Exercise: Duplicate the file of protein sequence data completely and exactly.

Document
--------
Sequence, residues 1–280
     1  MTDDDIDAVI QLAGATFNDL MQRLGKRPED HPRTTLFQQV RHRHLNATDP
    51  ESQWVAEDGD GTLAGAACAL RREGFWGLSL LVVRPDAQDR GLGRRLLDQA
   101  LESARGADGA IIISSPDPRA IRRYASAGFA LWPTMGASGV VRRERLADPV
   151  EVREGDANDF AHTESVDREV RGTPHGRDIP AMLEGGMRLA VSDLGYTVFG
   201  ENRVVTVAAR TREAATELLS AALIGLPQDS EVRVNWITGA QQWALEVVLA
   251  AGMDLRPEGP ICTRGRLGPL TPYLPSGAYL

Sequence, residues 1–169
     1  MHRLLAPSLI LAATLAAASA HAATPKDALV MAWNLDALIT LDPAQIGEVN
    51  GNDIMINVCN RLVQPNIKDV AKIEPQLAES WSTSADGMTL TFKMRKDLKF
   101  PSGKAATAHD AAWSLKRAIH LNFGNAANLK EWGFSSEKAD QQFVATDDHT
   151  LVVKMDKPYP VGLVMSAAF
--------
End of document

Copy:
Sequence, residues 1–280
     1  MTDDDIDAVI QLAGATFNDL MQRLGKRPED HPRTTLFQQV RHRHLNATDP
    51  ESQWVAEDGD GTLAGAACAL RREGFWGLSL LVVRPDAQDR GLGRRLLDQA
   101  LESARGADGA IIISSPDPRA IRRYASAGFA LWPTMGASGV VRRERLADPV
   151  EVREGDANDF AHTESVDREV RGTPHGRDIP AMLEGGMRLA VSDLGYTVFG
   201  ENRVVTVAAR TREAATELLS AALIGLPQDS EVRVNWITGA QQWALEVVLA
   251  AGMDLRPEGP ICTRGRLGPL TPYLPSGAYL

Sequence, residues 1–169
     1  MHRLLAPSLI LAATLAAASA HAATPKDALV MAWNLDALIT LDPAQIGEVN
    51  GNDIMINVCN RLVQPNIKDV AKIEPQLAES WSTSADGMTL TFKMRKDLKF
   101  PSGKAATAHD AAWSLKRAIH LNFGNAANLK EWGFSSEKAD QQFVATDDHT
   151  LVVKMDKPYP VGLVMSAAF